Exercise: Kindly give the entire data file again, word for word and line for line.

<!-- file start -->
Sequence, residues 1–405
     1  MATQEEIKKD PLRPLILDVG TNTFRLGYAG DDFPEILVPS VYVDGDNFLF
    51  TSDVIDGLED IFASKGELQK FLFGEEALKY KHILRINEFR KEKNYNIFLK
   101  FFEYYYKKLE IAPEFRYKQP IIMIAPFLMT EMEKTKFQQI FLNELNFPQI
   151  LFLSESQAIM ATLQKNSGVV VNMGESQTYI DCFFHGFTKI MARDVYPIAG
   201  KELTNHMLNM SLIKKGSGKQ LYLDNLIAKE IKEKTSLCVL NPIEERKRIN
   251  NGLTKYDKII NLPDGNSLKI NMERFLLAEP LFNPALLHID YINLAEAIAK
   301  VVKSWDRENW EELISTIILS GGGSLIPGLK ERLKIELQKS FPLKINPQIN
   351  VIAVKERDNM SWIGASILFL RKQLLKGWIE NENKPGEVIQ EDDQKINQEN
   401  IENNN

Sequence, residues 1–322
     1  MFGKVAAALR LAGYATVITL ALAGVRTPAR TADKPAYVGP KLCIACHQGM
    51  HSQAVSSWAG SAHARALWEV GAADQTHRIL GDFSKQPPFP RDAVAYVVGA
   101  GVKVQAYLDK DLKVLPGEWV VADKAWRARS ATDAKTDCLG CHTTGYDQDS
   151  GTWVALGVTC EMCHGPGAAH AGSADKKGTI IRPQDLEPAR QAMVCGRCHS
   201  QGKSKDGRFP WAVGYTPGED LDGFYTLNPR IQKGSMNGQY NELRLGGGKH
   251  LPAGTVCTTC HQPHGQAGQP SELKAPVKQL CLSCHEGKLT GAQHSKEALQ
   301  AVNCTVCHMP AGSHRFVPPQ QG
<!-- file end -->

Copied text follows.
Sequence, residues 1–405
     1  MATQEEIKKD PLRPLILDVG TNTFRLGYAG DDFPEILVPS VYVDGDNFLF
    51  TSDVIDGLED IFASKGELQK FLFGEEALKY KHILRINEFR KEKNYNIFLK
   101  FFEYYYKKLE IAPEFRYKQP IIMIAPFLMT EMEKTKFQQI FLNELNFPQI
   151  LFLSESQAIM ATLQKNSGVV VNMGESQTYI DCFFHGFTKI MARDVYPIAG
   201  KELTNHMLNM SLIKKGSGKQ LYLDNLIAKE IKEKTSLCVL NPIEERKRIN
   251  NGLTKYDKII NLPDGNSLKI NMERFLLAEP LFNPALLHID YINLAEAIAK
   301  VVKSWDRENW EELISTIILS GGGSLIPGLK ERLKIELQKS FPLKINPQIN
   351  VIAVKERDNM SWIGASILFL RKQLLKGWIE NENKPGEVIQ EDDQKINQEN
   401  IENNN

Sequence, residues 1–322
     1  MFGKVAAALR LAGYATVITL ALAGVRTPAR TADKPAYVGP KLCIACHQGM
    51  HSQAVSSWAG SAHARALWEV GAADQTHRIL GDFSKQPPFP RDAVAYVVGA
   101  GVKVQAYLDK DLKVLPGEWV VADKAWRARS ATDAKTDCLG CHTTGYDQDS
   151  GTWVALGVTC EMCHGPGAAH AGSADKKGTI IRPQDLEPAR QAMVCGRCHS
   201  QGKSKDGRFP WAVGYTPGED LDGFYTLNPR IQKGSMNGQY NELRLGGGKH
   251  LPAGTVCTTC HQPHGQAGQP SELKAPVKQL CLSCHEGKLT GAQHSKEALQ
   301  AVNCTVCHMP AGSHRFVPPQ QG